How to Maximize Media Leads

Maximizing Media Leads

Thanks to HARO (www.helpareporterout.com) and similar media leads services, there are media leads out there for everyone, all the time. Media, media, everywhere! The key, however, is to maximize these leads. Often, we think that as long as we respond to them, and give them our information, the hard part is done. That couldn’t be farther from the truth. In fact it’s really just the beginning. How can you get better exposure for your pitches? Here is a quick guide to pitching these media leads services that will provide you with insight and guidance for better placement and better stickiness to the stories you pitch.

Pitching the right lead: First and foremost, you need to define the right lead to pitch. But really, it’s more than that. Keep in mind that for a variety of topics such as finance, dieting and parenting you might find a lot of leads but not all of them are appropriate to your topic. Some people think that you shouldn’t pitch anything that isn’t 100% spot on. If I followed this way of thinking, I wouldn’t have gotten myself into a variety of publications, including Entrepreneur Magazine (issue forthcoming).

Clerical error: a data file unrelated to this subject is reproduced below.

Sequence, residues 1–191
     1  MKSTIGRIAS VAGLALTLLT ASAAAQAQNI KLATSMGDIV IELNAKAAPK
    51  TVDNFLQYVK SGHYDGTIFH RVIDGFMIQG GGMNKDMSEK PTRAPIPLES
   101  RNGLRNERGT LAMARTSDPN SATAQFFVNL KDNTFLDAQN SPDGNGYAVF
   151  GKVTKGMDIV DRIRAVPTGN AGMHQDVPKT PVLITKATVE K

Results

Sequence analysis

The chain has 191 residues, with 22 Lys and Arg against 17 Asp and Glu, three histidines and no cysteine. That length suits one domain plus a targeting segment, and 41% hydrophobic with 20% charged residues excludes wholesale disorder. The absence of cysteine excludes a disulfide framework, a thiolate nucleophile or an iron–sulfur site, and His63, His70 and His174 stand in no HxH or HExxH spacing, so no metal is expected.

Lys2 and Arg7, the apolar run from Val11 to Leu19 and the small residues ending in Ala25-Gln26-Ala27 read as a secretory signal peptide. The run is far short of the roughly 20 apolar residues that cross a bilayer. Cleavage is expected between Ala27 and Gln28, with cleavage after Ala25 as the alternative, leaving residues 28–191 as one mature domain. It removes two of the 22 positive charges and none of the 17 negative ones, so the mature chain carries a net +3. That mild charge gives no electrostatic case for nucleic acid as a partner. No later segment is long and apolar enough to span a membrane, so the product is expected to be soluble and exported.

So what’s the goal? The goal is to go after as many leads as you can within the appropriate market. For example, if you have a diet book that is focused on a soy based program and you see a lead about getting ready for summer, you might think it seems off, but the idea here might be to pitch them your topic, to help people get ready for summer. The same is true for an article on the high divorce rate and you have a book on making divorce a smoother transition. This could be a great opportunity for you to pitch a sidebar idea on creating a gentler transition for families of divorce.

The idea really is that, to the degree it’s appropriate, pitch yourself to as many on-point topics as you can. When I do this, however, I will always address the issue of the topic they pitched and then ask if they are interested in perhaps taking a sidebar angle to the piece or offering an extended insight into their topic. You’d be amazed at how often this gets a response.